In times of stress, what helps you relax enough to write?
Thursday, January 04, 2018 Laurel Garver
The writing habit can be difficult to maintain when you are experiencing a lot of stress. Creativity happens best in states of relaxation, says Roseanne Bane in Around the Writer's Block (a resource I heartily recommend).

As you might guess from my absence in December, I've been grappling with some hard life stuff, particularly being "the sandwich generation" having to deal with overwhelming demands from elderly parents and school-aged kids at the same time. I feel like I'm emotionally tapped out most of the time. I know that writing can be a good outlet for stress release, but getting back into a groove after the holidays were in the stress-mix is challenging. So I turned to another well-thumbed resource for encouragement, Anne Lamott's Bird by Bird. One of her best block-busting tips is to write about your childhood.

How we react to stressors in adulthood is to a large degree shaped by childhood experiences. But as Harry Potter learned when trying to conjure a patronus, good memories have tremendous power to protect us from the forces of despair. Recently, I've tried to focus on bright spots in my past when a worry begins to spiral from anxiety into panic. I have to say, it has improved my sleep tremendously.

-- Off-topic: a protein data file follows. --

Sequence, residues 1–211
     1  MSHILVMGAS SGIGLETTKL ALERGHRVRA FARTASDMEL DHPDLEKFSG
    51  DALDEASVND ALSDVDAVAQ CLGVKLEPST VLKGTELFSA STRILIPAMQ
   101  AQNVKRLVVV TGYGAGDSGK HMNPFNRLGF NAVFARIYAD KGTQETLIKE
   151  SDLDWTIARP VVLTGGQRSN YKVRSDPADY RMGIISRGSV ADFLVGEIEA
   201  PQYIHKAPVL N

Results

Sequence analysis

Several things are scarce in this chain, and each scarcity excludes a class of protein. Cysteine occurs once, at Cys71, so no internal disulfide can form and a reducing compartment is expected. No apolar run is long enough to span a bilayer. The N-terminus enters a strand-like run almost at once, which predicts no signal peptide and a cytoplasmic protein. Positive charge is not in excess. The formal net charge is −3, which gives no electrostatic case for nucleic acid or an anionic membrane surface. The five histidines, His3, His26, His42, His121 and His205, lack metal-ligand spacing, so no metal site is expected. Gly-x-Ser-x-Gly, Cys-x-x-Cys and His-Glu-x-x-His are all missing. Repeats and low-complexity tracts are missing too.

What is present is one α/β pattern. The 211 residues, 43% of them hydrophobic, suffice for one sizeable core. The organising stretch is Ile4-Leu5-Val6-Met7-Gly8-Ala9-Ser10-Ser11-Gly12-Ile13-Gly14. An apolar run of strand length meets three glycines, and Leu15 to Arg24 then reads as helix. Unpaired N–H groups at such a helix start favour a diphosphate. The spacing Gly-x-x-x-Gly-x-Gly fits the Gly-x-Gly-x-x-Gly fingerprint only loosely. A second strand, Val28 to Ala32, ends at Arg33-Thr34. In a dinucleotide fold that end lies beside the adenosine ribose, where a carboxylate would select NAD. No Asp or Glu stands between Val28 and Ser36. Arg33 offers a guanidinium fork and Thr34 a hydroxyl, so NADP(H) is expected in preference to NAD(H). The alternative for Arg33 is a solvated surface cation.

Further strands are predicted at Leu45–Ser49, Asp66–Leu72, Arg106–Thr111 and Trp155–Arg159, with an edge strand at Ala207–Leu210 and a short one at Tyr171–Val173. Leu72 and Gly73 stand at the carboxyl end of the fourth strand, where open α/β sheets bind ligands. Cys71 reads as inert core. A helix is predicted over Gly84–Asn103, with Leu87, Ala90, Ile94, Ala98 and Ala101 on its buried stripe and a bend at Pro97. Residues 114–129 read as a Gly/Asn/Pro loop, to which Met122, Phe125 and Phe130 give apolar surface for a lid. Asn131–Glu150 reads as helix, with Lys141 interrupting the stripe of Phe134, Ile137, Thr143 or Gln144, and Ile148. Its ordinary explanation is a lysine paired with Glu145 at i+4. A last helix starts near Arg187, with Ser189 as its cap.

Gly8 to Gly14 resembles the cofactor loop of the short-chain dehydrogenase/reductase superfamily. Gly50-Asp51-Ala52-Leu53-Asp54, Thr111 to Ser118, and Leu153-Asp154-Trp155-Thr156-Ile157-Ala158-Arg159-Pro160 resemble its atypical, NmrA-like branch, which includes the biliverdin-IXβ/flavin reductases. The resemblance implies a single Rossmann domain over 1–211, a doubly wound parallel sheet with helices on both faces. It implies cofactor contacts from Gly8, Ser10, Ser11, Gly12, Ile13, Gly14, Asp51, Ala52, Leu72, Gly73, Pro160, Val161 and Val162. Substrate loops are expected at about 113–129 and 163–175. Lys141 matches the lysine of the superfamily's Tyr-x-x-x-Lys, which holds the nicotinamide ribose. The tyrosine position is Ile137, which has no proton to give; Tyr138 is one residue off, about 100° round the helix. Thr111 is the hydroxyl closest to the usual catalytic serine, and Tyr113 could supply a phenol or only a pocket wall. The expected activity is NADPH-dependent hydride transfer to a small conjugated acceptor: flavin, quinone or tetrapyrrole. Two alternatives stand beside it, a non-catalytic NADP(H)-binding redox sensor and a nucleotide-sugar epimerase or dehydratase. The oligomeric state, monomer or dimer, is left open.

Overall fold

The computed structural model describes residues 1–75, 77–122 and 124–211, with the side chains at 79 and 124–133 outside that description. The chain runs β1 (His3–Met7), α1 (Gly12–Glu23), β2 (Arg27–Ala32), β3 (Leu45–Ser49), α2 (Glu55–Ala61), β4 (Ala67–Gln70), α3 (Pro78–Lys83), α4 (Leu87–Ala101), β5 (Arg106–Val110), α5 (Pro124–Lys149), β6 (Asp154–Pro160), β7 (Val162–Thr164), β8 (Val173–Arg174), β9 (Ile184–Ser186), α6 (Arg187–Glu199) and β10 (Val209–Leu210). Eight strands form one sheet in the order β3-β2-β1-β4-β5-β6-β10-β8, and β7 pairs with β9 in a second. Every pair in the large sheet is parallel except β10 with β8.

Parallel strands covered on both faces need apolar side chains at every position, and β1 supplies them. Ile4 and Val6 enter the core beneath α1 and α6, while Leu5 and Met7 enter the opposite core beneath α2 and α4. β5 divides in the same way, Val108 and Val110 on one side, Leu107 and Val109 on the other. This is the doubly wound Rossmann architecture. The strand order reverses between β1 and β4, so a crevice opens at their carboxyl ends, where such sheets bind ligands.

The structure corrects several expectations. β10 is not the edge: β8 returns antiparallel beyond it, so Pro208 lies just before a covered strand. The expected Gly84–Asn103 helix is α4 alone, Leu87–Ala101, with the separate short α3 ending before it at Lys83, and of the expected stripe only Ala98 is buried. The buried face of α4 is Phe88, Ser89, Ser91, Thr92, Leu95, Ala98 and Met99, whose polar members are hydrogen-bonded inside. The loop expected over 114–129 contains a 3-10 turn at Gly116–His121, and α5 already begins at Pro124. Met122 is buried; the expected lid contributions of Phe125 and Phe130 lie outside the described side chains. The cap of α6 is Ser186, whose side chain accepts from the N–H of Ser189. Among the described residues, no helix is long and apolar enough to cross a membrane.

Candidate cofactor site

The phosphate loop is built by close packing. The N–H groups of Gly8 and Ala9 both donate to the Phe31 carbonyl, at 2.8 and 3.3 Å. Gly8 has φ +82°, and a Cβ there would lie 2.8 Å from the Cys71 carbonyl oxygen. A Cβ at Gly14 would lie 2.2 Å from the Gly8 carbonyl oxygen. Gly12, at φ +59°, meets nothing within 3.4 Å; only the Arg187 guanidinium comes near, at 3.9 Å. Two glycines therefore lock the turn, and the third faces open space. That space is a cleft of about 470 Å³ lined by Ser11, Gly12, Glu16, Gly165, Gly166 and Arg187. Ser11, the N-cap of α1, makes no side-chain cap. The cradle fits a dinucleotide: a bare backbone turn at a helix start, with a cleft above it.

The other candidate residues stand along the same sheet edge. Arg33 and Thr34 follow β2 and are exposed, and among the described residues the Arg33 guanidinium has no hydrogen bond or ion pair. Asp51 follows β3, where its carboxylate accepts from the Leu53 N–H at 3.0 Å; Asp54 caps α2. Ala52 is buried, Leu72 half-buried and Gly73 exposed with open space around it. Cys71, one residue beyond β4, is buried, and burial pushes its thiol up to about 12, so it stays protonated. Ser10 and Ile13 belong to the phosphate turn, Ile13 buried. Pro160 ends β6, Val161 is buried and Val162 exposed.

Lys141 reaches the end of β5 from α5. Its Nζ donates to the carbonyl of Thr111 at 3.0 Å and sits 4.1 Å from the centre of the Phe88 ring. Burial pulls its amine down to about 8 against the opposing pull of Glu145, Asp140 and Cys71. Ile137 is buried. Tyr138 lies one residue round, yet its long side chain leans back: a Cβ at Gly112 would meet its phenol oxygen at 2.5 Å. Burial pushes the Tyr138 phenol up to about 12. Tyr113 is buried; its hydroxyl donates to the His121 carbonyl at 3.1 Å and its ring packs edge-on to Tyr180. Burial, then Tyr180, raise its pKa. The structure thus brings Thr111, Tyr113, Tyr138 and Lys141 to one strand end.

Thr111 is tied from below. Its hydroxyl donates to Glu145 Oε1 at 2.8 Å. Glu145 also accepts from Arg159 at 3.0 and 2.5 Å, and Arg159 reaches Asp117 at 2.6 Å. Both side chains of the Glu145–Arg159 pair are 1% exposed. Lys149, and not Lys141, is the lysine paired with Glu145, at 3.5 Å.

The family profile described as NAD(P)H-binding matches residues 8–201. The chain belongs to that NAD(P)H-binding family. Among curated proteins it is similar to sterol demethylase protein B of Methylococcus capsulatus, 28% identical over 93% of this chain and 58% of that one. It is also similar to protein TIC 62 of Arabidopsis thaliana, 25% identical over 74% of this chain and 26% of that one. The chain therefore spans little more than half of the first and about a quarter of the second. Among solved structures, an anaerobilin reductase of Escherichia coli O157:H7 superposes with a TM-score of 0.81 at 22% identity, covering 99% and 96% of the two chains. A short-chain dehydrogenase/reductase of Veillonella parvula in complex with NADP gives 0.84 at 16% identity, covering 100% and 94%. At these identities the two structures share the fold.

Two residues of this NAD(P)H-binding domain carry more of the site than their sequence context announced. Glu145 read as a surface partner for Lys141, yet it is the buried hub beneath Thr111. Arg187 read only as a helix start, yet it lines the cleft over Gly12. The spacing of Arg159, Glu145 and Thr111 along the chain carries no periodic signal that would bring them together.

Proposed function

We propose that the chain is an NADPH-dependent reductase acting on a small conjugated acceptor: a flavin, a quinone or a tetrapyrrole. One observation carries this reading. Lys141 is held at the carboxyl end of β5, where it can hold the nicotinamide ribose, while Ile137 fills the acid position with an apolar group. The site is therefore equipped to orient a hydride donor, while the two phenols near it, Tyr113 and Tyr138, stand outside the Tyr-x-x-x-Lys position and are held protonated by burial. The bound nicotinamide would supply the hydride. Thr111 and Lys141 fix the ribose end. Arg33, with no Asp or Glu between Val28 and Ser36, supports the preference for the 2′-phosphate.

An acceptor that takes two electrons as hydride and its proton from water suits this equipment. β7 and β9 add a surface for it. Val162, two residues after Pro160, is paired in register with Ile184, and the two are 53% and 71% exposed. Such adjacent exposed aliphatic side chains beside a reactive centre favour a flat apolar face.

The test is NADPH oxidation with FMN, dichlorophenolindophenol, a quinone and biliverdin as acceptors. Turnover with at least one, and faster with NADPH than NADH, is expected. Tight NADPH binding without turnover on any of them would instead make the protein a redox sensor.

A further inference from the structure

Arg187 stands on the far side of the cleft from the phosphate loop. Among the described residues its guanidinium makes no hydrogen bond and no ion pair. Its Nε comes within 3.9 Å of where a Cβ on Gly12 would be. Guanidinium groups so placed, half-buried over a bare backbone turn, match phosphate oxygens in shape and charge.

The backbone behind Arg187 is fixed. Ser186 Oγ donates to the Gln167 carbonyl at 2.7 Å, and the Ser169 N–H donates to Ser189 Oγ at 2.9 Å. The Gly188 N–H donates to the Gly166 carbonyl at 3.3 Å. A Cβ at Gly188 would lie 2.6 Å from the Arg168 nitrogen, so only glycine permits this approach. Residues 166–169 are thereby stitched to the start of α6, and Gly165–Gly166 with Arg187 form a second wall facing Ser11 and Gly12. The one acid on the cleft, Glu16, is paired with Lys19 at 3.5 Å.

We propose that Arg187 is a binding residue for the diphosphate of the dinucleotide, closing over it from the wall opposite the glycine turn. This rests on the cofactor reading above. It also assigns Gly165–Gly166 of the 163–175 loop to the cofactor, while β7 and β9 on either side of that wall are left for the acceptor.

Here are some prompts to help you go back into your own timeline and find moments of joy, peace, excitement and insight:

  • My imaginary friend
  • My secret hideout
  • My three favorite toys when I was eight years old
  • My favorite subject in kindergarten
  • My cozy spot
  • After school, I liked to...
  • A cool surprise from my mom or dad
  • The wonder of milkweed or dandelions gone to seed
  • My childhood neighbors
  • How I was comforted in a dark moment
  • My favorite after school snacks
  • A special moment with a sibling or cousin
  • A bedtime or campfire story my family invented
  • Games my family played on car trips
  • How my sibling reconciled with me after a squabble
  • My most impressive creation with blocks or Legos
  • The best snow day
  • A sick day when I felt well cared for
  • A surprising discovery about a grandparent
  • My favorite scenario to pretend
  • Given a stack of paper and box of crayons, I would create...
  • The nearby woods
  • The neighborhood park
  • How it felt to go barefoot in summer
  • Learning to swim or skate